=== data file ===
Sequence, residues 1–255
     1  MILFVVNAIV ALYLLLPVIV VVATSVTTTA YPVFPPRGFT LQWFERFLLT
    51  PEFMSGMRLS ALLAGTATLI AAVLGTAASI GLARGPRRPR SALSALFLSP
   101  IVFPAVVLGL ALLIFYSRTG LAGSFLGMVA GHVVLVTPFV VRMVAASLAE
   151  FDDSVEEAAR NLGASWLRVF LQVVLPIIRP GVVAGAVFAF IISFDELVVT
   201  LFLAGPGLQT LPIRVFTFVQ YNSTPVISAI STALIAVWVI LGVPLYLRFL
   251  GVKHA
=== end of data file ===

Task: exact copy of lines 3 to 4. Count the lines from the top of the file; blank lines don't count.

    51  PEFMSGMRLS ALLAGTATLI AAVLGTAASI GLARGPRRPR SALSALFLSP
   101  IVFPAVVLGL ALLIFYSRTG LAGSFLGMVA GHVVLVTPFV VRMVAASLAE